Myth 4: There’s no point learning Finnish unless you’re staying long-term

There are many reasons why you might leave Finland – and equally many reasons why you might stay. Learning Finnish is a journey that will enrich your life in Finland every step along the way, regardless of how long you end up staying.
Photo: Rainer Paananen. All rights reserved.

The big three have now been toppled, and the highway of Finnish learning that was hidden behind them is now well in view. You start to take your first step on this journey of discovery – but wait, there is something holding your foot back. As you look down, a little voice calls up: ‘Why bother? It is a long journey, a lot of work. You are only going to be here for a few years.’ 

Myth Number Four is a powerful one for many international employees and students in Finland. Careers develop, family situations change, new opportunities arise. It is easy to imagine that you are only here temporarily, so you wouldn’t want to spend all that time learning Finnish only to leave just as you’re reaching proficiency.

The main problem with this way of thinking, however, is that it sees language learning as a single, long-term goal: you slog away for a year or two and then one day BAM, you’re proficient. But proficiency is always proficiency FOR something in particular. And with Finnish you can become, for example, a proficient purchaser-of-clothes-in-Finnish with just a few weeks of language lessons. Any amount of Finnish learning will enrich your life in Finland – if you are willing to use what you already know.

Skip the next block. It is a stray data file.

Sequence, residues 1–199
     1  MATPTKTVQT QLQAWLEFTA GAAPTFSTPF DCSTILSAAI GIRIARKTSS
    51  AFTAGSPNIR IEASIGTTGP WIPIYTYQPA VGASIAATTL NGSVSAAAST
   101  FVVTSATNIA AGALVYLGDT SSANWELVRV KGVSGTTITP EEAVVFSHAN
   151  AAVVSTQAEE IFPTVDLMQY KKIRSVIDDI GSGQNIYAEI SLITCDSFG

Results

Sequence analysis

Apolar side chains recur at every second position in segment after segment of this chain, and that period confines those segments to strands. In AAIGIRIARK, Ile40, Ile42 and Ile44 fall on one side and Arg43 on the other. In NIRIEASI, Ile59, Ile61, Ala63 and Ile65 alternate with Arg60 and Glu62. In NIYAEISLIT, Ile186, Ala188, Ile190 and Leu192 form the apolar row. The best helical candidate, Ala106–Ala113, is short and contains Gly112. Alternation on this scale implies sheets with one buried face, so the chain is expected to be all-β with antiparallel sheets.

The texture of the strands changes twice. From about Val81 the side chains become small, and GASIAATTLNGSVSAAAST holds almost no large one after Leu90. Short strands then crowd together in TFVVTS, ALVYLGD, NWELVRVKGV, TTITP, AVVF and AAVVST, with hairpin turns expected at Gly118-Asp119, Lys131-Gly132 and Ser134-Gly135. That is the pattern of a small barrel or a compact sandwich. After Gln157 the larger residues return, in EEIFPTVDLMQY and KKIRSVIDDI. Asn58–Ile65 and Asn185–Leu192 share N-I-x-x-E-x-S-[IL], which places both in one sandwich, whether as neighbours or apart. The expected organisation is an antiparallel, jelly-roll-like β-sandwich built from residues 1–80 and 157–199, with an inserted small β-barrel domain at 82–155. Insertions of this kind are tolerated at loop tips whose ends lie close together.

And the problems with Myth Four don’t stop there. You may have in mind a whole list of reasons why you’ll probably move on from Finland. But what about all the things that might make you stay? An unexpected promotion? A long-term relationship, or starting a family? Other family members deciding to join you in Finland? The uncertainty of life cuts both ways. Instead of ‘I might leave, so why learn?’, it makes just as much sense to say ‘I might stay, so why not learn?’.

Indeed, the very process of learning Finnish might turn out to have a big influence on your decision to stay or leave. Learning Finnish is a social and cultural journey which, even in the early stages, will enable you to participate in society and explore the country’s history and cultural riches more deeply than you could with just English. In addition, learning Finnish can connect you with a community of fellow learners who are grappling with similar questions and challenges as they settle into life in Finland and work out their own long-term plans. A shared journey is a richer journey.

And so, with these first four myths out of the way, the wide-open road to Finnish proficiency now lies ahead of you. But to make the journey a much more enjoyable one, there is one more myth that needs dispatching.

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